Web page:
Aric Bandy:

When we started doing the cloud consultancy, we started in that space, because that’s what we were already marketing to but pretty quickly, we went to like more 100 to 1,000 employees space. We spent a fair amount of time in that, what I call that mid markets, the M side of SMB. It was over time, especially when we divested at MSP and really pouring our capital into our growth, and building up engineers and stuff like that, that our competency, in combination with the market dynamic allowed us to continue to grow even further.

Aric Bandy:

So we were actually now starting to provide services to fortune 500, fortune 100 and part of that was that we were very tightly aligned with Google and they provided that credibility. Most of your listeners have never heard of Agosto. I’d be extra surprised if anybody has. We were a small, Midwest based company and here I am walking into fortune 100 companies right alongside Google, but because I was right alongside Google, their brand gave me credibility.

Aric Bandy:

So we were able to take down and really then grow. So by the time we did our transaction, we had 360 customers, a solid 80 of them were in the fortune 500 space, some very big recognizable logos, and we were doing meaningful work for them.

John Warrillow:

To what extent did you worry that you were tying your horse too closely to Google? Were there discussions among the ownership group to say, man, what if Google exits the cloud or AWS takes over? Were those conversations you guys had?

Aric Bandy:

So one of the lessons I learned and frankly, this is an interesting one because this is a debated topic a lot amongst, especially one of the shareholders and I. He and I would go back and forth on this a lot. When we exited the MSP business and then in 2016, when this large global systems integrator started sniffing around, we were like what maybe a gusto really has some value that we could look at a meaningful exit for us. The next few years.

Aric Bandy:

I then started to really work on trying to think about how do we architect this business so that it is attractive. The GSI came out hot and heavy, we’re going to buy you, we’re really interested. We’re going to put a premium valuation, and then it just kind of imploded and fell apart. Now, they went through, it actually had nothing to do with us or our business or who we were or customers or revenues, et cetera. It had everything to do with they had a change in leadership, change in direction, what they were going to do, go to market.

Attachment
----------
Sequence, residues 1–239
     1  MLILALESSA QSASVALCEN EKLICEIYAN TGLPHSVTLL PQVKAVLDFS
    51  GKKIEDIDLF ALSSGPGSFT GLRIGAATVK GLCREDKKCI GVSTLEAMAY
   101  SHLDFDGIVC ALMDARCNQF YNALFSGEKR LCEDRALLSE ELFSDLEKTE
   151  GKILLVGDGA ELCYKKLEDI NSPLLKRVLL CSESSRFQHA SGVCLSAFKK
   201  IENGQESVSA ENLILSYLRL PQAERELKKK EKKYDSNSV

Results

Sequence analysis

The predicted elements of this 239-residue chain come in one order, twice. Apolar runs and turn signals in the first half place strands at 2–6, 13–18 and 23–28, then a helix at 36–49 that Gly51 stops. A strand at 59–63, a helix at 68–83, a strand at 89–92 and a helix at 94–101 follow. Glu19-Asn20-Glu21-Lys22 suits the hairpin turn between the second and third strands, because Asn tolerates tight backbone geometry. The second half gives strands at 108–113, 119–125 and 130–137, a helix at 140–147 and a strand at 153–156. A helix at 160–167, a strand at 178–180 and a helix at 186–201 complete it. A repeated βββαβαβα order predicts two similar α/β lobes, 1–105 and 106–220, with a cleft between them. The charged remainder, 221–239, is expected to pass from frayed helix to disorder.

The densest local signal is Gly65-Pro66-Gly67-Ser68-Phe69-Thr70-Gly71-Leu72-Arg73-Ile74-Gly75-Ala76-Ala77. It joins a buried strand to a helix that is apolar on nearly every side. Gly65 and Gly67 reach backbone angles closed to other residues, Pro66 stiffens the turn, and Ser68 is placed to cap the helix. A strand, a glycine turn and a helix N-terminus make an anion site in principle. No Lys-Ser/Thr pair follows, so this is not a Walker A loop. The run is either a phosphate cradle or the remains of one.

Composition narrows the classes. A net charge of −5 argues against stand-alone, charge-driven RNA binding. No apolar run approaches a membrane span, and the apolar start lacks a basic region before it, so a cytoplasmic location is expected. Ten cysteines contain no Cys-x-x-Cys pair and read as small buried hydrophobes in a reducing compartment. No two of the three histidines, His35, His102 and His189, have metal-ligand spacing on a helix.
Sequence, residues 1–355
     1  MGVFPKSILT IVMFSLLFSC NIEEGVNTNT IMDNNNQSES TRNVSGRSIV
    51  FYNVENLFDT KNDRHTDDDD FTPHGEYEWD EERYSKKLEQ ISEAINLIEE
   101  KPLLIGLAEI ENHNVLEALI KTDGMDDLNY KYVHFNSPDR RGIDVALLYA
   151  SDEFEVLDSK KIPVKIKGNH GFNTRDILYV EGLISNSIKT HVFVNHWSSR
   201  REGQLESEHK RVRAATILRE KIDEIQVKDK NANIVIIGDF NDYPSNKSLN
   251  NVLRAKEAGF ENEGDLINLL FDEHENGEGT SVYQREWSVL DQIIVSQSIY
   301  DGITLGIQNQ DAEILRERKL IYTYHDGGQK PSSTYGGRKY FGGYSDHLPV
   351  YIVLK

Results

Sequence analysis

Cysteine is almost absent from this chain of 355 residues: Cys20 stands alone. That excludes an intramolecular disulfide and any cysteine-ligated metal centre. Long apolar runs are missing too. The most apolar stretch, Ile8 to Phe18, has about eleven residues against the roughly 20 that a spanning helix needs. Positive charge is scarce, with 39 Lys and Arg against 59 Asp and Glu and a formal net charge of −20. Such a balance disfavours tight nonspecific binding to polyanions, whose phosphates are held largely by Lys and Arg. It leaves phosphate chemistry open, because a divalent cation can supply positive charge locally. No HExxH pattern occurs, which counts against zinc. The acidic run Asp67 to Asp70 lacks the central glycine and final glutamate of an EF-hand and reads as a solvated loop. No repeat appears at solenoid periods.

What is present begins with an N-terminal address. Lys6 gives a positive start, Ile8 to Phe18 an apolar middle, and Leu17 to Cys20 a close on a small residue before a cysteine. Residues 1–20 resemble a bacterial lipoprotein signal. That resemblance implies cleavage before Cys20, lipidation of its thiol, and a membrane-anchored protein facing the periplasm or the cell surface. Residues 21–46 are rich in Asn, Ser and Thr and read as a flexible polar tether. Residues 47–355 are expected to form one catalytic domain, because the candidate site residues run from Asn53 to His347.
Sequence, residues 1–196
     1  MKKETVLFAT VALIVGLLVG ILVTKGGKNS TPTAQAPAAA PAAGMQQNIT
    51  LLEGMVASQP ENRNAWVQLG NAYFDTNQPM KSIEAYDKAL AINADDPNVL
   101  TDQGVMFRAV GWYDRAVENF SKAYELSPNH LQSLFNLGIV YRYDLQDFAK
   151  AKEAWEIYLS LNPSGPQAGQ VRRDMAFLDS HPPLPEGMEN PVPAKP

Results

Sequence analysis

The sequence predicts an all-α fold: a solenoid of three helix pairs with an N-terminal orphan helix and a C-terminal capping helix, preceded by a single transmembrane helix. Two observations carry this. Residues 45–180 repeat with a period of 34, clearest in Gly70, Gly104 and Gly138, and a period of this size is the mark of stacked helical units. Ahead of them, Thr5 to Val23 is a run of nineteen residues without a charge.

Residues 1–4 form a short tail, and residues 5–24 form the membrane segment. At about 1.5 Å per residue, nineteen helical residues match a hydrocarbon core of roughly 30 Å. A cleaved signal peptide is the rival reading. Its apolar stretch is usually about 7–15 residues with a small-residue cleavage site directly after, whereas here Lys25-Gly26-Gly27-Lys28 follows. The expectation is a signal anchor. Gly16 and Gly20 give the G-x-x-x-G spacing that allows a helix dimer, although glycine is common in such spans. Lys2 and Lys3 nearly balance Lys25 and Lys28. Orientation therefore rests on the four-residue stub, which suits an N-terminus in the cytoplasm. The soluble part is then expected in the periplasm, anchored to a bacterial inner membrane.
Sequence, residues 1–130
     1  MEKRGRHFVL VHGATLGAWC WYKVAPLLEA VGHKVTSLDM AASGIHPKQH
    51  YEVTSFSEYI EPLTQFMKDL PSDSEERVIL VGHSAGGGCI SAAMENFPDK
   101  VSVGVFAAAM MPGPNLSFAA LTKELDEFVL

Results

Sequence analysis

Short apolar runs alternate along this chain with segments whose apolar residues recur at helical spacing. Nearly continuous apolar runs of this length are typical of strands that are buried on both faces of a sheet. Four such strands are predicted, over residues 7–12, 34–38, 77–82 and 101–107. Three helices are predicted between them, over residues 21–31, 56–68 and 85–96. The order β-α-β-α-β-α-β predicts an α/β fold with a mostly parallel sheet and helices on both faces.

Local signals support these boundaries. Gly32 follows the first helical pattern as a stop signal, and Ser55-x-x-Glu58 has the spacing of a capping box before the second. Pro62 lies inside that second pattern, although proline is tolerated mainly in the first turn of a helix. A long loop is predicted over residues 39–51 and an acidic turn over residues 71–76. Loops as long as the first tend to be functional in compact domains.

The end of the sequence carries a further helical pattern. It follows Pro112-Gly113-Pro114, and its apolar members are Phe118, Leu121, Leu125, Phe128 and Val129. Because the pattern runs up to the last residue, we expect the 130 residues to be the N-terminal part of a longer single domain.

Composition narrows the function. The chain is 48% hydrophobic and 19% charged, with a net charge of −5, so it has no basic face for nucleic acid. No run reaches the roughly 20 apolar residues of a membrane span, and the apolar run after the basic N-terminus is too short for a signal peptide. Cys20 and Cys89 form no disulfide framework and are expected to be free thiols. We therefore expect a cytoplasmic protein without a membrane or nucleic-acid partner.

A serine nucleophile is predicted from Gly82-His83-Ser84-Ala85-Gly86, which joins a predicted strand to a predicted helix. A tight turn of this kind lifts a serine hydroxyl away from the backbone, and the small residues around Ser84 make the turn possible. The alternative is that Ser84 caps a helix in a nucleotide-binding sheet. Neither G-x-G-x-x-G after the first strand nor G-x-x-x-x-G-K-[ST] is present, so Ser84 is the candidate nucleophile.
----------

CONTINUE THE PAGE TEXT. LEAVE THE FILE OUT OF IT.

Aric Bandy:

What it did for me personally is I got to be much, much more thoughtful about how I’m architecting this business for a premium valuation and for an exit. So, to your question, that was a strategic decision because I believed that having a singularly focused company as opposed to more agnostic, we support Microsoft, we work with AWS, we work with Google, we work with IBM or others. I purposefully thought we would have a higher premium and be more attractive to the right buyer if we were singularly focused.

Aric Bandy:

Somebody that went out and said, we need to have a Google Cloud practice. We’ll either go build it or buy it. It’s an equation that every business is doing out there and when they decide it’s faster and more valuable for us to buy it because they have customer demand or what have you in our case. So if I had these other practice areas, my bet was that’d be a distraction and it could actually hurt my valuation.

Aric Bandy:

What I learned was it was more nuanced than that. I kind of really owned that statement I just gave, but once I started actually spending a lot more time, private equity didn’t care. It was the architecture to have a strong valuation for private equity was all about EBITDA, it was about, yes it was the kind of magic 40 you likely have heard which is, growth rate plus then your EBITDA percentage and if that’s a 40% number, you’re solid.

Aric Bandy:

If it’s less, you can have strong, like our EBITDA was lowered because I was building this business for growth, and I was funneling everything back into the business. So as soon as I could hire somebody, I’d hire somebody. Then they got going, I’d hire another person. So our EBITDA numbers weren’t terrible, but they weren’t great but our growth numbers were. 30 ish, 33, 34% year to year growth for five years straight.

Aric Bandy:

So private equity didn’t care about, there was no extra premium because we were Google only. The strategics they cared because they wanted to be able to have a tuck in that was very Google focused and especially last year, when I felt like we were getting to a size and valuation where it might be a good time for us to be looking at doing a deal. I started looking and there wasn’t a lot of comparables, but one of my competitors did exit to a strategic in December, of 2019.